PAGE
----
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The Industrial Internet of Things FEATURE NEWS

From Legacy to Leading Edge: Transitioning Industrial IoT Deployments

By Special Guest
Arti Loftus, Guest Correspondent
July 26, 2017

While network modernization — from circuits to software, from MPLS to Internet overlay, and from 3G/4G to 5G and LTE — is well underway, transformation doesn’t happen overnight. The fact is, many very large IoT deployments, particularly in the industrial sector including asset management, energy plant and grid control, have been implemented on “traditional” networks.

So how are enterprises evolving their networks to support the next-generation of IoT and IIoT projects?

Raj Singh, CEO of Velankani, a software development and systems integration company headquartered in Somerset, New Jersey, US, who is working with a range of technology companies as well as Tier 1 communications service providers, has a unique view into the current state of IoT networking with an eye to the future.

“There’s no truth to the rumor that the growth of IoT has been constrained by lack of network capabilities to connect everything from smart cars and smart cities, to smart homes and smart factories,” Singh said. “We have been working in IoT software development for networking for years, including writing code that expands current infrastructure capabilities to keep up with new protocols in the IoT world. There are many creative ways to keep in-place networks current, and secure, and our initial traction in IoT has been based on updating MPLS and VPN networks, working with a variety of vendors, to support IoT programs.”

While it makes sense to avoid “rip and replace” for current projects, Singh recognizes that NFV and SDN approaches will be far more cost-effective and agile going forward.

“We’ve been doing a land office business also in providing development services to next-generation IoT companies,” Singh said. “Because we are also experts in software-based networking, we are being asked more and more to create greenfield products for pure play IoT companies, including asset management, public safety and security solutions delivered over the Internet, these include private networks that leverage the Internet for it’s reach and economics.”

Like many network technology development and management companies, Velankani has evolved its own solutions as software and networking have combined and morphed into service delivery platforms.

“One of the hottest areas we’ve been working in is platform development,” Singh said. “There’s so much hype out there now about IoT platforms, leaving a lot of enterprises scratching their heads about which platform to use.”

Recent estimates put the number of IoT platforms at more than 700, with dozens in the networking space.

“What we’re seeing that works are dependable platforms truly supported by services and solution providers who strip out the complexity and offer end-to-end offers, from design and engineering to development, implementation and ongoing management. The business model is great for those companies who have the appetite to build complete, turn-key platform solutions and don’t stop at the platform itself.”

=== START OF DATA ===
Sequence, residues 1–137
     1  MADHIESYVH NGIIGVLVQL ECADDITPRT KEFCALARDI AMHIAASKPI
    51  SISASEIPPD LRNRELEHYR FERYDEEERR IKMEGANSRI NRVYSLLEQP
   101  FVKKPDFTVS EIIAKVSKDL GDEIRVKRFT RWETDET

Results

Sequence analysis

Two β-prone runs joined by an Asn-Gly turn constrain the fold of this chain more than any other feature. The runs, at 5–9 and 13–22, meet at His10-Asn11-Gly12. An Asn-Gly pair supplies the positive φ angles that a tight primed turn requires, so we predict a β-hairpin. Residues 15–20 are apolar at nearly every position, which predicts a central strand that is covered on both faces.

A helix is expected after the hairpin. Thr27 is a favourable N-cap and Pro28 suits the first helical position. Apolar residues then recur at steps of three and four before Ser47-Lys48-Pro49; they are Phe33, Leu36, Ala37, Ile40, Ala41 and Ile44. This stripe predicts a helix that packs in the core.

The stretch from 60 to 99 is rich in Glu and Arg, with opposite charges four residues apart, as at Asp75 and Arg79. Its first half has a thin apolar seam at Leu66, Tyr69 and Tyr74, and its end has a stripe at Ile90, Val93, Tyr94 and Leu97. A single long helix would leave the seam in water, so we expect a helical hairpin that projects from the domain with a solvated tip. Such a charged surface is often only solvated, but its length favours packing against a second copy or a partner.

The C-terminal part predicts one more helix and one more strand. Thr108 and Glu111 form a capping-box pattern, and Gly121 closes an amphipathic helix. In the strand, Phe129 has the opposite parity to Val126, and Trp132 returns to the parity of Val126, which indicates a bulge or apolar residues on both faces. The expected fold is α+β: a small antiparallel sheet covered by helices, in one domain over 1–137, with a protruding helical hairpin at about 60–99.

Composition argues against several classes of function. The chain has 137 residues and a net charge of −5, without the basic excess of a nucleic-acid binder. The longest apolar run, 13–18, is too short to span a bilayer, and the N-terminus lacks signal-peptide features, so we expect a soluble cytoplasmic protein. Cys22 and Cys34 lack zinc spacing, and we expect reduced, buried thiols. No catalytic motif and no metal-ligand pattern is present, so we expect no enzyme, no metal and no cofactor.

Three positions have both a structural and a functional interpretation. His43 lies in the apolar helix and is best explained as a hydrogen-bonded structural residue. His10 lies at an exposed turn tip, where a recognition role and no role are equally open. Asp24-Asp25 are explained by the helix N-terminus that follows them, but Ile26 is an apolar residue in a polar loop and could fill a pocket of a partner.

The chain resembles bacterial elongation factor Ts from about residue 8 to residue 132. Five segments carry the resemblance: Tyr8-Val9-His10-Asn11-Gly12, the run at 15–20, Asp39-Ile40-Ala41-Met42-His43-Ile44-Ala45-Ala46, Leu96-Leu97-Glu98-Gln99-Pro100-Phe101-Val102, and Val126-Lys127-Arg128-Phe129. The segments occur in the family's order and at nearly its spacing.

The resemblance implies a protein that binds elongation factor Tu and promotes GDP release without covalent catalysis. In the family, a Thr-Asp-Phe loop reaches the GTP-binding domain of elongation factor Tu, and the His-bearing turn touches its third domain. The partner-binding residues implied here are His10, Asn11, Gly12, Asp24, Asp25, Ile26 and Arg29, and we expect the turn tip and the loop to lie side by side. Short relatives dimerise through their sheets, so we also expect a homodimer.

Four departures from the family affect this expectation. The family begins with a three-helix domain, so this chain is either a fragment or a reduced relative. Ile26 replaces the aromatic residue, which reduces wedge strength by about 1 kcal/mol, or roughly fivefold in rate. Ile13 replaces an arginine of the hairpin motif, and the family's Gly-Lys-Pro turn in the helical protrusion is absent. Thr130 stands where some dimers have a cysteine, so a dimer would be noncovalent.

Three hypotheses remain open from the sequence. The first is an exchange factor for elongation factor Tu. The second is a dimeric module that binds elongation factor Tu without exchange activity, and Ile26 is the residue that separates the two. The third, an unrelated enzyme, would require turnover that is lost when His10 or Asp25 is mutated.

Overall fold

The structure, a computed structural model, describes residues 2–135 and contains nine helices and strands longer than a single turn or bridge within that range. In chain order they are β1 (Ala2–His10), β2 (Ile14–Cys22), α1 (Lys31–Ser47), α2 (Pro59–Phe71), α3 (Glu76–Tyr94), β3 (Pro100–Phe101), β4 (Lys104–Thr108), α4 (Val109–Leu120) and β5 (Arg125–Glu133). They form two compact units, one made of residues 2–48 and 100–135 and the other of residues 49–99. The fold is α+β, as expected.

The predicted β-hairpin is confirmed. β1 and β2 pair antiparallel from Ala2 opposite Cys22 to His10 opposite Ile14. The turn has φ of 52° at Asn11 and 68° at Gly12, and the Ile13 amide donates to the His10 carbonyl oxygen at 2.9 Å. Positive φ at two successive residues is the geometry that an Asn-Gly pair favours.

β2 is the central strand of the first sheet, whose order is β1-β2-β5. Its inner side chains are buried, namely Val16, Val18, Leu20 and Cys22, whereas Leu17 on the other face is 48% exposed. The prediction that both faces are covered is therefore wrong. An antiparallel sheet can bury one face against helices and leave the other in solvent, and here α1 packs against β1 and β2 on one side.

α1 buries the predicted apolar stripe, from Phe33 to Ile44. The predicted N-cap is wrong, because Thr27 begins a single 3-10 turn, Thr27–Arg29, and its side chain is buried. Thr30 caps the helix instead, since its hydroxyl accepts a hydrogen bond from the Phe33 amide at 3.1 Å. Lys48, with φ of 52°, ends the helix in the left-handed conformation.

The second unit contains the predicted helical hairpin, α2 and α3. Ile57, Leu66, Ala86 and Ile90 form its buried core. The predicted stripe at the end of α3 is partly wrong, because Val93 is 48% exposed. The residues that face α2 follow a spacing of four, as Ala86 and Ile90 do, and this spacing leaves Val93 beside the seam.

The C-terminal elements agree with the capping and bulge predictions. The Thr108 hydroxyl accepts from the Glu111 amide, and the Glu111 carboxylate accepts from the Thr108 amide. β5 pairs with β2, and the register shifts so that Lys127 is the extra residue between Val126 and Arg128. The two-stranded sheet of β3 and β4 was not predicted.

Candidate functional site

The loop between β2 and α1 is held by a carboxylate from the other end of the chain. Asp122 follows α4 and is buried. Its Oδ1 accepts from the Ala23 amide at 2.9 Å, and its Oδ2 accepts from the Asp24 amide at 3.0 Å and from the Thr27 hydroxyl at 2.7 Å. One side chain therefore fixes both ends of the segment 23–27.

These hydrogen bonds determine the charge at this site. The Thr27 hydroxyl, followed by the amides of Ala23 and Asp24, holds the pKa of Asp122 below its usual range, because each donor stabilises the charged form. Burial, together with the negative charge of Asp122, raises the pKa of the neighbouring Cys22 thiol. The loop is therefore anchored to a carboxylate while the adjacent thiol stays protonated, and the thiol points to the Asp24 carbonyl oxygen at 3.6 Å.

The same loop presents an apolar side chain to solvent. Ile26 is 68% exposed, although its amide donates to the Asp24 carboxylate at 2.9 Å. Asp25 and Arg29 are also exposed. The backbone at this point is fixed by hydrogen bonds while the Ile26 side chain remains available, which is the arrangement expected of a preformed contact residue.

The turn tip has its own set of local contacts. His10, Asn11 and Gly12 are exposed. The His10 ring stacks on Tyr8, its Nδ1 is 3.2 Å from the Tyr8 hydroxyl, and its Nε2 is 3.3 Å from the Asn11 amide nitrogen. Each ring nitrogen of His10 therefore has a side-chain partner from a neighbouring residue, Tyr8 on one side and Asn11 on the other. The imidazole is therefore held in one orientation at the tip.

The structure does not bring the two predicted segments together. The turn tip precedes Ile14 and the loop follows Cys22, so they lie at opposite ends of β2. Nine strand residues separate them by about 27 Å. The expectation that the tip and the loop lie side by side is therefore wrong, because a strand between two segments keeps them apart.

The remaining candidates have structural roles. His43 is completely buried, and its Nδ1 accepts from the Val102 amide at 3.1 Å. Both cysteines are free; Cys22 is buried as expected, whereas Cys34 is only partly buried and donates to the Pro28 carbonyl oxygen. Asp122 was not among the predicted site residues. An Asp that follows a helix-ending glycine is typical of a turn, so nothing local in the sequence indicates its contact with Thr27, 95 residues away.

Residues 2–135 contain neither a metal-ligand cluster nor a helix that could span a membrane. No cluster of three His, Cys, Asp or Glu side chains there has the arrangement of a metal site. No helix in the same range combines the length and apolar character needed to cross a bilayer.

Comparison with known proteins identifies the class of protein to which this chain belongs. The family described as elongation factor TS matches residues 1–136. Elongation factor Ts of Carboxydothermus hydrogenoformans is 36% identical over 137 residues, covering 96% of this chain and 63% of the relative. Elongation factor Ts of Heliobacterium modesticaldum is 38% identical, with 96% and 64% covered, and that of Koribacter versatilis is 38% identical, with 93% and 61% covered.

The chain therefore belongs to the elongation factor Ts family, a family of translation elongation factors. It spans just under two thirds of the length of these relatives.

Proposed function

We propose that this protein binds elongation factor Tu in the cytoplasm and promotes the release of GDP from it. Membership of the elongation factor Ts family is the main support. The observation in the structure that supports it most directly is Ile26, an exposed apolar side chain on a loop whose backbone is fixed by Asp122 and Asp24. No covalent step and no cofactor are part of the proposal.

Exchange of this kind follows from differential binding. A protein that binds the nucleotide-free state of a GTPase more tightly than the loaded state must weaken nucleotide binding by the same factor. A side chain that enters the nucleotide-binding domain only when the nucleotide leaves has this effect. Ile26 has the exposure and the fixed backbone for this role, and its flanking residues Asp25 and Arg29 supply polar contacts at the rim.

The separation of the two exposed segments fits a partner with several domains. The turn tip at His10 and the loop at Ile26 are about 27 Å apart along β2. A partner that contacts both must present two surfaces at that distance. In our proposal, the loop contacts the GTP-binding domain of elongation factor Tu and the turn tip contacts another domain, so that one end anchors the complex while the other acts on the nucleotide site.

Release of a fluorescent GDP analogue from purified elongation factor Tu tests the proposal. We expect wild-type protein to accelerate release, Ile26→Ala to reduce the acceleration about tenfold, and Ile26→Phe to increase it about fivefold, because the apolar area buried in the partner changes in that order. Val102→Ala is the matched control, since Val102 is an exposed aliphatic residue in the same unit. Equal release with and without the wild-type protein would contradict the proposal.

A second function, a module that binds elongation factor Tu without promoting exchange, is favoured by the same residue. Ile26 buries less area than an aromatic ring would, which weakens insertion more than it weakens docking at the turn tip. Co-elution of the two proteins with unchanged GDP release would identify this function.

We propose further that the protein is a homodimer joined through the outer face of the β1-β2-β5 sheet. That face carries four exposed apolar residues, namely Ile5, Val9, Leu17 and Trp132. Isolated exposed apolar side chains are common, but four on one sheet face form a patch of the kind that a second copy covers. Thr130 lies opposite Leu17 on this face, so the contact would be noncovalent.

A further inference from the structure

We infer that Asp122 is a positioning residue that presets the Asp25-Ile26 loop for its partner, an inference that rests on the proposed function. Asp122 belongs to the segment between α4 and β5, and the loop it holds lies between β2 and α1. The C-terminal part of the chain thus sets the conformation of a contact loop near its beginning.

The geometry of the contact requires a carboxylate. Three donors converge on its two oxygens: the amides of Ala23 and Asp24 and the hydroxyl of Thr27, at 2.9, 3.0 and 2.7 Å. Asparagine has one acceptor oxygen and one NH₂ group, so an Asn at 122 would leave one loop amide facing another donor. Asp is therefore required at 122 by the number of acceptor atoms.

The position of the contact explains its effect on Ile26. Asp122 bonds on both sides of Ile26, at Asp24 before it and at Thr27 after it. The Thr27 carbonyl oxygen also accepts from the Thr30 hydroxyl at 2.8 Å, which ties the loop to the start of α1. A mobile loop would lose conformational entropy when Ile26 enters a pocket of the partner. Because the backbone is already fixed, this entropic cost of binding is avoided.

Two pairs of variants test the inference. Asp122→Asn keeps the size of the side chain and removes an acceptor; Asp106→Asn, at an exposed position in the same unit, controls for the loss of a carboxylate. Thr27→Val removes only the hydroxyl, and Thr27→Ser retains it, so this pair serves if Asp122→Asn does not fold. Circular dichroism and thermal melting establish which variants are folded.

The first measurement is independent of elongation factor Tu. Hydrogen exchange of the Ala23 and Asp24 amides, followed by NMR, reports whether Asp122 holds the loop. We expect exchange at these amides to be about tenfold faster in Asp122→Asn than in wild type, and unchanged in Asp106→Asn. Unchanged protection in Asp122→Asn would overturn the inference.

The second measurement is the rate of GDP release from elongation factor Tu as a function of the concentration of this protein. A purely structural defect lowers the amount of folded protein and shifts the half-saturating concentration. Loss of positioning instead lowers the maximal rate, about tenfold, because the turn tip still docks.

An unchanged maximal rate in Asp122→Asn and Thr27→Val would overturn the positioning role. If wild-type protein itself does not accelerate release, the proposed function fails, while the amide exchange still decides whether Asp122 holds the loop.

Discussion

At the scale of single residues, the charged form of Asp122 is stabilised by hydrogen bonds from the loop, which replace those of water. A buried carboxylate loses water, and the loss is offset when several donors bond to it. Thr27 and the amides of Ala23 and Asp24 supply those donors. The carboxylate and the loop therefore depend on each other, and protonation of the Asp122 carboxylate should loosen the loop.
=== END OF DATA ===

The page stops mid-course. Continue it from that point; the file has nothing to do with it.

Singh also noted that in a multi-carrier world, with multiple cloud providers, the complexity of next-generation, cloud-based IoT and IIoT networking need interconnection strategies. “Large IoT based systems are, by their nature, geographically distributed, often globally distributed, so enterprises rely on underlying access and transport services from many different carriers. This is why service providers who are willing to manage an aggregation of multi-carrier connections are doing so well.”

Furthermore, Singh shared the trend towards “BYOA” – “Bring Your Own Assets” – where enterprises rolling out IoT and IIoT deployments are preferring to turn “systems” and “networks” over to third parties, desiring “username and password” access to web-based consoles where they can login and view what’s happening in the environment.

“IT teams don’t have the expertise or resources to build and manage their own IoT networks,” Singh said. “They are getting more and more comfortable with the cloud, and therefore more and more comfortable with cloud providers who design, engineer, provision and manage entire networks.”

Singh has additionally seen a huge demand for development using APIs, enabling the networks they help build to ship data into business applications easily. “We’ve never seen more interest in open standards than in the IoT world,” Singh said. “No one company can do everything, and while full-service solutions companies, like the ones we support, are growing exponentially – they are the first to say that it takes an ecosystem to make IoT work.”

Asked how long he believes it will be before IoT is no longer reliant on legacy networks – in other words, how long the “transition” period will be – Singh said, “I’ve been in the telecoms and now real time communications industry for many years. Everything takes longer than the visionaries and pundits claim. We’ve seen over and over that businesses can make money in the transition, getting more value out of legacy networks which used to be the next-generation networks. The key, however, to sustainable success, is making sure you are part of the present and the future, to disrupt creatively, paying attention as much to the economics of change as the excitement of new technologies.”




Edited by Ken Briodagh
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